Public Feedback

Call for Feedback

A call for public feedback, which took place from November 4 to December 9, 2015, helped to shape the Challenge and generate qualitative data that would inform Challenge design. The comprehensive and diverse feedback showed that at a high-level, most respondents see the EdSim Challenge as an opportunity to publicly showcase best-in-class examples of highly engaging classroom simulations that provide needed training in critical thinking, problem solving, and other employability skills.

A prize competition model found broad support as a market stimulation mechanism, though most respondents expressed that ongoing changes in target technology areas make it too early to require any standardization in terms of tools or approaches. A widely shared vision for the desired outcome of the challenge was a proof-of-concept simulation that is highly engaging, easily implemented, and frictionless (“this needs to be accessible like the internet” said one respondent), emotionally activating (“instead of having to ingest [information] they experience it and build an emotional connection through interactive immersion”), and relatively simple (“the best games and simulations are usually simple”). A significant number of the responses highlighted virtual reality (VR) technology as an obvious complement to and near-term direction for simulation-based learning.

Expert Panel

Following the Call for Public Feedback, a panel of industry experts reviewed public feedback and convened to deliberate on key Challenge design questions. Both public engagement and expert consensus made the case for a Challenge structured to produce a playable prototype simulation that is targeted to educational and career-path needs, with a viable path to procurement and implementation by a broad variety of school districts. Experts emphasized that solvers should be guided toward early thinking around technical components, data handling, assessment of learning outcomes and preliminary business models, but that the initial submission should have a low barrier to entry.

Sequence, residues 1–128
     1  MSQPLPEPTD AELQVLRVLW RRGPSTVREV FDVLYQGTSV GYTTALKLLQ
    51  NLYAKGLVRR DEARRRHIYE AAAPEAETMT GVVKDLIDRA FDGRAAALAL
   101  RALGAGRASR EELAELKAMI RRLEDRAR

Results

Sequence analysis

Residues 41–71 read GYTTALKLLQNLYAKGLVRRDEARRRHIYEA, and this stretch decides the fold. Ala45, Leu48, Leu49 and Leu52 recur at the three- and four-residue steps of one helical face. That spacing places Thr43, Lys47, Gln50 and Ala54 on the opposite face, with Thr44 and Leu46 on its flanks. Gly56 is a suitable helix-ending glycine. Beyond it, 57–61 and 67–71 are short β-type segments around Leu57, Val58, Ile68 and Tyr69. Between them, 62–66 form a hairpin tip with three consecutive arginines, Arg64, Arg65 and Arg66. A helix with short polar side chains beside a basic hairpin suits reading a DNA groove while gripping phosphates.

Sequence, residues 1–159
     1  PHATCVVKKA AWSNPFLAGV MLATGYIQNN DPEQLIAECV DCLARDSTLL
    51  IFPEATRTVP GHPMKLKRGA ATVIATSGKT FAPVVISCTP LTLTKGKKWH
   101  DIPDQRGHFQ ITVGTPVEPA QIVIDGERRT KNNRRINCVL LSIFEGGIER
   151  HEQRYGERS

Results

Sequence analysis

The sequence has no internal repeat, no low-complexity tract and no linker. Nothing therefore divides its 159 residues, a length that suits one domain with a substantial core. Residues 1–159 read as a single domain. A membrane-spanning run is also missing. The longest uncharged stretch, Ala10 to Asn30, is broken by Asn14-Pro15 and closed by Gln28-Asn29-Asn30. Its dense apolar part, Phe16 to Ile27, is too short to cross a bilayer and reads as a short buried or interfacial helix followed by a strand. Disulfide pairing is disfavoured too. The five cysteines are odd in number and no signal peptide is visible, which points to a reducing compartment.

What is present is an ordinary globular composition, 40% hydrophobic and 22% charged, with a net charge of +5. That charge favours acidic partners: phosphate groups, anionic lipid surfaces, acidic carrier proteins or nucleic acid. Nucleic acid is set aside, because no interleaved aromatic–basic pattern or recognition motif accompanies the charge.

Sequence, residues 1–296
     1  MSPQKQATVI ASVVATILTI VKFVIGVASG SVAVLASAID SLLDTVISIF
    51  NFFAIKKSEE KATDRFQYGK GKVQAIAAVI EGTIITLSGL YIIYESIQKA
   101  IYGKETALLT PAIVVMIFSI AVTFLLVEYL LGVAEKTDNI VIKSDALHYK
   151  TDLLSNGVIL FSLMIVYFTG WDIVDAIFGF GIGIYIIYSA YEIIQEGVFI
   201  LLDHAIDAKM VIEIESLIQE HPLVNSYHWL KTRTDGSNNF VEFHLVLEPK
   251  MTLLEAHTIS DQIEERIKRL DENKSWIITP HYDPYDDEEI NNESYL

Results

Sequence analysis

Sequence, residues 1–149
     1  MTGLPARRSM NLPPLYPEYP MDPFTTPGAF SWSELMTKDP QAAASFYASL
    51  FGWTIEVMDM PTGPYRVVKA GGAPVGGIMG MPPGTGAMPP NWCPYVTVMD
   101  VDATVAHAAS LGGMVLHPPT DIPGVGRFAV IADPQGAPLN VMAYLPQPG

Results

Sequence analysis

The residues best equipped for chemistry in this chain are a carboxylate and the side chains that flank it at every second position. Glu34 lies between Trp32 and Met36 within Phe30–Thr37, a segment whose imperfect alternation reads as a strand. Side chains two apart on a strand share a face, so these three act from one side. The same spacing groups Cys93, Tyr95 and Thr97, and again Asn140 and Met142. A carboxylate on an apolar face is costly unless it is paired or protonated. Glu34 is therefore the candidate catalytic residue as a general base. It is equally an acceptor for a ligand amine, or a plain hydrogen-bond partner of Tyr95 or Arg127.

Experts steered Challenge design toward judging criteria that clearly outlines a qualitative rubric that will allow the jury to evaluate simulation concepts. Criteria should shift over the course of the Challenge to support the evaluation of prototypes. Further, experts emphasized that the Challenge should seek to make real connections across current silos that divide industry, educators, and game developers, while offering educational resources and additional benefits to solvers in order to develop the market.

Thank you to our experts:

  • Shelly Blake-Plock, CEO, Yet Analytics, Inc.
  • Curtis Blais, Research Associate, MOVES Institute at Naval Post Graduate School
  • Phaedra Boinodiris, Global Lead for Game Development Ecosystem, IBM
  • Robert Chadwick, Systems Engineer IV, Advanced Distributed Learning
  • Barbara Chamberlin, Professor and Extension Educational Technology Specialist, New Mexico State University
  • Drew Davidson, Director of the Entertainment Technology Center, Carnegie Mellon University
  • Nicholas (Nick) DiCarlo, Vice President and General Manager of Immersive Products & Virtual Reality, Samsung Electronics America
  • Joan Hughes, Associate Professor of Learning Technologies, University of Texas at Austin
  • Jacquelyn (Jacki) Ford Morie, Founder, All These Worlds
  • Jonathan (Jono) Poltrack, Director of Operations / Tech Team Co-Lead, Advanced Distributed Learning
  • Michelle Riconscente, President, Designs for Learning
  • David Solomonoff, CEO, Zoetic Networks LLC


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